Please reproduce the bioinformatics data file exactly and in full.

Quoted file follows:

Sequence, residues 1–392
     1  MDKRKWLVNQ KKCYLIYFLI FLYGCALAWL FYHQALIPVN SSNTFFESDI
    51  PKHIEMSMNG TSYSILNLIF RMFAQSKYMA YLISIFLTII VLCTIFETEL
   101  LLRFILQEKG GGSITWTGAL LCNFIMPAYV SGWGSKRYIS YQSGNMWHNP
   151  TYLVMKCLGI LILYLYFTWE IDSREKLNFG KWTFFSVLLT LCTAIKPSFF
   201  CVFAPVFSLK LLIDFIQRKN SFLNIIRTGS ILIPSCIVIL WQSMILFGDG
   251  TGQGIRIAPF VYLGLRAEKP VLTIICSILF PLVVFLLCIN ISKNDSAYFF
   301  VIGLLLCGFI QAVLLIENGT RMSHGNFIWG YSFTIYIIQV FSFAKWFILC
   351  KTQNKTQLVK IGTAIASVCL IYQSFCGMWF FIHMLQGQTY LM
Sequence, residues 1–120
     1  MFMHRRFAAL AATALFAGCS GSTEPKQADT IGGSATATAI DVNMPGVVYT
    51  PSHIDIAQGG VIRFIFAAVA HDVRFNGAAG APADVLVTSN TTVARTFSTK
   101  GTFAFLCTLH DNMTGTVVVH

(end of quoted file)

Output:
Sequence, residues 1–392
     1  MDKRKWLVNQ KKCYLIYFLI FLYGCALAWL FYHQALIPVN SSNTFFESDI
    51  PKHIEMSMNG TSYSILNLIF RMFAQSKYMA YLISIFLTII VLCTIFETEL
   101  LLRFILQEKG GGSITWTGAL LCNFIMPAYV SGWGSKRYIS YQSGNMWHNP
   151  TYLVMKCLGI LILYLYFTWE IDSREKLNFG KWTFFSVLLT LCTAIKPSFF
   201  CVFAPVFSLK LLIDFIQRKN SFLNIIRTGS ILIPSCIVIL WQSMILFGDG
   251  TGQGIRIAPF VYLGLRAEKP VLTIICSILF PLVVFLLCIN ISKNDSAYFF
   301  VIGLLLCGFI QAVLLIENGT RMSHGNFIWG YSFTIYIIQV FSFAKWFILC
   351  KTQNKTQLVK IGTAIASVCL IYQSFCGMWF FIHMLQGQTY LM
Sequence, residues 1–120
     1  MFMHRRFAAL AATALFAGCS GSTEPKQADT IGGSATATAI DVNMPGVVYT
    51  PSHIDIAQGG VIRFIFAAVA HDVRFNGAAG APADVLVTSN TTVARTFSTK
   101  GTFAFLCTLH DNMTGTVVVH